Wednesday, March 4, 2009

Tues. Night Class

Last night was Carmie's agility class. Quite a few of the people who have been in class are taking the Thursday night class, and quite a few people who had taken the last session off were in class. A different mix!

Carmen started off in rare form last night being fairly reactive and yelling at everyone. Unusual barn behavior. I would not have been surprised to see behavior like that a year ago, but now? Not sure if it was a stress reaction from what is going on at home, she was just having a day, or what. None-the-less, she got herself under control and while I walked the course she was a quiet, good girl.

I decided this is going to be a very visual post. I asked Katrin for a copy of the course map and then used Real World Paint (cool free software) to mark my course choices and classmates course choices.

Figure 1:
the course - lots and lots of opportunities to cross.

I walked this course and I just saw lots of sweet front cross opportunities! My head said, "Rear cross, where?" Originally I told Katrin I was going to try and run it with only one FC, then as I walked it I said, "Maybe two..." A big problem for me is due to Ike's speed (rather lack-of-speed) I relied on Front Crosses to motivate him for a long time. As a result when I look at a course I see Front Crosses - they are much more second nature for me. So this is very much about me learning to reframe the way I read courses.

Last night I made the decision that I would try to sneak more Rear Courses into my runs and ask Katrin more frequently where she would RC versus walking it with a FC. I also decided that giving up Front Crosses cold turkey to learn to do Rear Crosses properly isn't wise, so I am going to go back and work on foundation behaviors for both me and the dogs. These things don't happen over night (unfortunately!).

Figure 2:
How I choose to run the course

Note the rear cross! And we actually nailed it every time except for once when I got WAY too far ahead of Carmie. Possibly part of the reason I am not as keen on rear crosses is because I need to consciously think about pacing myself and allow my dog to get ahead of me. When I am able to get all zen about it and breath deeply it works really nicely. When I do not, it is a train wreck!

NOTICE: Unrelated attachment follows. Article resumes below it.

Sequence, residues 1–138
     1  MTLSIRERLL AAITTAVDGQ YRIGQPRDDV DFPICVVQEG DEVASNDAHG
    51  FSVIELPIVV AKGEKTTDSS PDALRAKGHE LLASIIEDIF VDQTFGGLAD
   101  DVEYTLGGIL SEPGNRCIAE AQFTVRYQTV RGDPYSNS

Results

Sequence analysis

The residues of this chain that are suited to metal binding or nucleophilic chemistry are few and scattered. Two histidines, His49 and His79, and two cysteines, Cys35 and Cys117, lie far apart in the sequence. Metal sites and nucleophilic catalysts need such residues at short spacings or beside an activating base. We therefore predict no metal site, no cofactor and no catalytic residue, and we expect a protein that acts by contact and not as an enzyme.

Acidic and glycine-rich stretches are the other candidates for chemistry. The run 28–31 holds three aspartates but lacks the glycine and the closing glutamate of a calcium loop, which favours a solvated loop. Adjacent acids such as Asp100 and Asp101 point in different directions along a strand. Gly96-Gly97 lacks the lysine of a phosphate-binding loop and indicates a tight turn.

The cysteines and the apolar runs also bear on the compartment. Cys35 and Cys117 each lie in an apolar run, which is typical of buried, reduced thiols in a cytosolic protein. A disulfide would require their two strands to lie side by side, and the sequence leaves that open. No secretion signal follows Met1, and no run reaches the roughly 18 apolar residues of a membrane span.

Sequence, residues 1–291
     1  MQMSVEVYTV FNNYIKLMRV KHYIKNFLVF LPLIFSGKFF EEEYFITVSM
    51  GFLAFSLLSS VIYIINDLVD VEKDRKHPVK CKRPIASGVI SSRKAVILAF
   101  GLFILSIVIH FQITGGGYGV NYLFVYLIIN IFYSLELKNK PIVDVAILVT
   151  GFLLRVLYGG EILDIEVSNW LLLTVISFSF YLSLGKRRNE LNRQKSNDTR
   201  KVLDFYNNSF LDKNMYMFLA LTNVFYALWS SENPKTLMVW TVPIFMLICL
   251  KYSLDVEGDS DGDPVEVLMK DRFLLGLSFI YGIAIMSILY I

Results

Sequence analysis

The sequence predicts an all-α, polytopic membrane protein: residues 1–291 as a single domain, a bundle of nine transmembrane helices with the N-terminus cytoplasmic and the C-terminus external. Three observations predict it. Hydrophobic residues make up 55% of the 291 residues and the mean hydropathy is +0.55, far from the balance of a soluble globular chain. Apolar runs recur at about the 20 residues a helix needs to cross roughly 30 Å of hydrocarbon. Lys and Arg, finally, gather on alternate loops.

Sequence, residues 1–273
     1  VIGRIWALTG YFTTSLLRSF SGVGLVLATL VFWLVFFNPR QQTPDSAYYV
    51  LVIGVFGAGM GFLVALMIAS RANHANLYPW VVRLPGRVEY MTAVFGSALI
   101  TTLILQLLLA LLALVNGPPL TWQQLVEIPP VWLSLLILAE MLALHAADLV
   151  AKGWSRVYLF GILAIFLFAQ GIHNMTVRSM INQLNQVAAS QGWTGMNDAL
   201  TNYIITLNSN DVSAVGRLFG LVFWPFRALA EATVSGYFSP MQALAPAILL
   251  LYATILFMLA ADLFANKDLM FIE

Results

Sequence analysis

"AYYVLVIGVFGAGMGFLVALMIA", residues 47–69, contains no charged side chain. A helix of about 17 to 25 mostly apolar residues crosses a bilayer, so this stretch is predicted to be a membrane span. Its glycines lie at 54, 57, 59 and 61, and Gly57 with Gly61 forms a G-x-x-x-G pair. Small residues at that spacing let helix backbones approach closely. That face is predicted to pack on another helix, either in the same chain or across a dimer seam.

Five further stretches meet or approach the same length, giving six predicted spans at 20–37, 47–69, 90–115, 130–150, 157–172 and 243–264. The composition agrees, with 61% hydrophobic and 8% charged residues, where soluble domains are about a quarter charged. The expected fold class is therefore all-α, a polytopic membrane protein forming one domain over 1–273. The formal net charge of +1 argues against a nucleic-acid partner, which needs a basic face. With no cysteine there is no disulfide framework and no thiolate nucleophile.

Figure 3:
The Rear Cross version

This is how a lot of the other stuents handled the course - a rear cross between 4 and 5 in addition to between 8 and 9.

I would not be surprised if it takes me about a year to *get* the rear cross. That is about how long the whole consistency thing has taken to sink in and I still revert when I am tired or stressed! Fortunately I can start Bug out being ambidextrous about crosses. He will probably end up with a preference, but I would like him to be comfortable with both.

Challenging and cold (for me at least) class. Carmie seemed a bit off at different points during the night. As I mentioned the evening started with a woof, so it might have been stress. There were a couple of moments on course where I am not clear if she was tired or she might not have been seeing 100%. I have to be careful not to look to hard to see signs of her eyesight deteriorating, or use it as an excuse. It makes it more difficult to know what is going on with surety, but hey....what can you do.

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